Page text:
TotalLetitia James (incumbent) 18,722 88.35%
Republican Anthony Herbert1,3096.18%
Conservative Anthony Herbert1810.85%
TotalAnthony Herbert1,4907.03%
Independence Charles B. Billups9794.62%
Total votes21,191 100%
Democratic gain from Working Families
2009 New York City Council's 35th District Democratic Primary [47]
PartyCandidateVotes%
Democratic Letitia James (incumbent) 8,027 81.15%
Democratic Delia M. Hunley-Adossa1,53913.92%
Democratic Medhanie Estiphanos4884.93%
Total votes9,893 100%
2009 New York City Council's 35th District General Election [48]
PartyCandidateVotes%
Democratic Letitia James (incumbent)19,87392.29%
Republican Stuart A. Balberg1,3556.29%
Conservative Stuart A. Balberg3061.42%
TotalStuart A. Balberg1,6617.71%
Total votes21,534 100%
Democratic hold

New York City Public Advocate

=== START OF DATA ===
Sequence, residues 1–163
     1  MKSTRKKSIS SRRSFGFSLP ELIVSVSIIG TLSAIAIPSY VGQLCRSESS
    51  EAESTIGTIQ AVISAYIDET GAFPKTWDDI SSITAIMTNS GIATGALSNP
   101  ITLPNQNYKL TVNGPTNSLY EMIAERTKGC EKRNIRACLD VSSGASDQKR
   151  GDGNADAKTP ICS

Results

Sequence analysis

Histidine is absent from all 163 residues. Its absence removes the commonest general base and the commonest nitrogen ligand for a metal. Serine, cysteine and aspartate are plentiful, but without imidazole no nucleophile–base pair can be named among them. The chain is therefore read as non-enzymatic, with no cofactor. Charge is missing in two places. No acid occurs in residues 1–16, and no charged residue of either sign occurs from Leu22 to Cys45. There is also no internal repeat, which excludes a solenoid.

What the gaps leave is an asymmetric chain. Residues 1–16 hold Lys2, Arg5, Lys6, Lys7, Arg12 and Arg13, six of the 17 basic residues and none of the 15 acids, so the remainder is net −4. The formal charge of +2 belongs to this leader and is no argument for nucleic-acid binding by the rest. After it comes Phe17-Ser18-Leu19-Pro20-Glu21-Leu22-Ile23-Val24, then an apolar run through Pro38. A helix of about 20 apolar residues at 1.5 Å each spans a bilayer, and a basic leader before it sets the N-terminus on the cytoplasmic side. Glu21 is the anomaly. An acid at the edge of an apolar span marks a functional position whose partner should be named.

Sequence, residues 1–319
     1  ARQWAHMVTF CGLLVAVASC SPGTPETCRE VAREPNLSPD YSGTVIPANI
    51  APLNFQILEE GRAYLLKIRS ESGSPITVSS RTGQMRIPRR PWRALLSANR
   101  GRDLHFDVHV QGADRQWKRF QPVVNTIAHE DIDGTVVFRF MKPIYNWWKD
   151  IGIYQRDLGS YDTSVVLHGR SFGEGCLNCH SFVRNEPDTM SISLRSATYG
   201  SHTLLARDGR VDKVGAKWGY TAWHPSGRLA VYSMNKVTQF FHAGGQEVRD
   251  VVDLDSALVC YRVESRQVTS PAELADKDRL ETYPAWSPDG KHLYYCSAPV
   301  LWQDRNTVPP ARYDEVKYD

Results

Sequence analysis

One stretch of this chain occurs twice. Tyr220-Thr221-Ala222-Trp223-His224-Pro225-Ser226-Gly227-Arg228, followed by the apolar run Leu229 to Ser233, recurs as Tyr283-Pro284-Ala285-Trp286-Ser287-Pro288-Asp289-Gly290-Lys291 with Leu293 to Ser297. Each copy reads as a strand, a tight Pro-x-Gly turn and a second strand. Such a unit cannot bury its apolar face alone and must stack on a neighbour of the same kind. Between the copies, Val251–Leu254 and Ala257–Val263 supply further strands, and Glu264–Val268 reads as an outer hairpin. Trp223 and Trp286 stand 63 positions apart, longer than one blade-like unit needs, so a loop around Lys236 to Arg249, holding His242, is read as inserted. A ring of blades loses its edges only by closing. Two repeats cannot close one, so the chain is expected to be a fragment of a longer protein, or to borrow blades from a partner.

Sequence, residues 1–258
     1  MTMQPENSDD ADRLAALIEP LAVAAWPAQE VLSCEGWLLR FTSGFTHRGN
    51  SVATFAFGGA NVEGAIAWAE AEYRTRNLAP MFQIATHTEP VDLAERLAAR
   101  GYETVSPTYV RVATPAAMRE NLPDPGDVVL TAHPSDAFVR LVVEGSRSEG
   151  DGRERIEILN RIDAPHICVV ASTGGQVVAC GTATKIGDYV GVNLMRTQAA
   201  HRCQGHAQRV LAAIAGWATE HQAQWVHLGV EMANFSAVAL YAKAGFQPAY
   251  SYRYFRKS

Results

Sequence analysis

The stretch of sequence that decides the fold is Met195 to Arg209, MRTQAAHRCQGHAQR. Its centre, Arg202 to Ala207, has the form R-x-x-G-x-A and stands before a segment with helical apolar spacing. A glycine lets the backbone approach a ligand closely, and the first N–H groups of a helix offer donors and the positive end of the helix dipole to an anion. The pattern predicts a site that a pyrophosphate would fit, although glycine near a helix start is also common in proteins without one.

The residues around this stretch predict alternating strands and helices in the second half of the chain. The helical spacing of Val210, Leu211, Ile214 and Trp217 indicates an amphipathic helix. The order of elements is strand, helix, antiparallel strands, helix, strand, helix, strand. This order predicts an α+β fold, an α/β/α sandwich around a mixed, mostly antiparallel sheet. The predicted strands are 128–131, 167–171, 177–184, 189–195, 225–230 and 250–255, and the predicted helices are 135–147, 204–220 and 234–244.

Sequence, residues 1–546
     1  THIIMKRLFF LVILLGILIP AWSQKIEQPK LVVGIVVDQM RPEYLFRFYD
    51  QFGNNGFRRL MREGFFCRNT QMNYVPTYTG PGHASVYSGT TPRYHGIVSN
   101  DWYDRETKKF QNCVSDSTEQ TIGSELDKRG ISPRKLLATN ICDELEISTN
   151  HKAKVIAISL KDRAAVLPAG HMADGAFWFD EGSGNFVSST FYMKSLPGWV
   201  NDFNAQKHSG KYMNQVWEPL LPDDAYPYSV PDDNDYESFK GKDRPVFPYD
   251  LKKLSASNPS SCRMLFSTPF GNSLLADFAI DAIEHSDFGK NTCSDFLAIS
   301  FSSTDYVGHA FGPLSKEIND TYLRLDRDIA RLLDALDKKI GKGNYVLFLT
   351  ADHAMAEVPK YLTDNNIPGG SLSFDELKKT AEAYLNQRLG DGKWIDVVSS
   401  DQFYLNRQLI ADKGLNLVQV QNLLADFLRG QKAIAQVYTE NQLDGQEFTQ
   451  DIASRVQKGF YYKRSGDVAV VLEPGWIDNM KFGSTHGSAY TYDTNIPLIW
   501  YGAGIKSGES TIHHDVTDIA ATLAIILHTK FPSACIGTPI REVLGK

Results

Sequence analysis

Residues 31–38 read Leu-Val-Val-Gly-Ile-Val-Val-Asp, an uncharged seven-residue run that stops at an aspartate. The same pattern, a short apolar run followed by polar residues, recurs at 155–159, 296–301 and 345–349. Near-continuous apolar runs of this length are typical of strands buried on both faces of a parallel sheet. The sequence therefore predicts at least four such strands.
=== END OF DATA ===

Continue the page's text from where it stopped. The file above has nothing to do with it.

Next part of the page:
2013 New York City Public Advocate Democratic Primary [49]
PartyCandidateVotes%
Democratic Letitia James 191,347 36.11%
Democratic Daniel Squadron 178,151 33.62%
Democratic Reshma Saujani 76,98314.53%
Democratic Cathy Guerriero69,02513.03%
Democratic Sidique Wai14,4092.72%
Total votes529,915 100%
2013 New York City Public Advocate Democratic Primary Runoff [50]
PartyCandidateVotes%
Democratic Letitia James119,60459.02%
Democratic Daniel Squadron 83,04340.98%
Total votes202,647 100%
2013 New York City Public Advocate General Election [51]
PartyCandidateVotes%
Democratic Letitia James761,05877.87%
Working Families Letitia James53,8215.51%
TotalLetitia James 814,879 83.37%
Conservative Robert Maresca119,76812.25%
Green James Lane16,9741.74%
Libertarian Alex Merced10,4191.07%
Socialist Workers Deborah O. Liatos5,1140.52%
War VeteransIrene Estrada4,2160.43%
Students FirstMollina G. Fabricant2,3910.24%
Freedom PartyMichael K. Lloyd1,7990.18
Total votes975,560 100%
Democratic hold
2013 New York City Public Advocate Democratic Primary [52]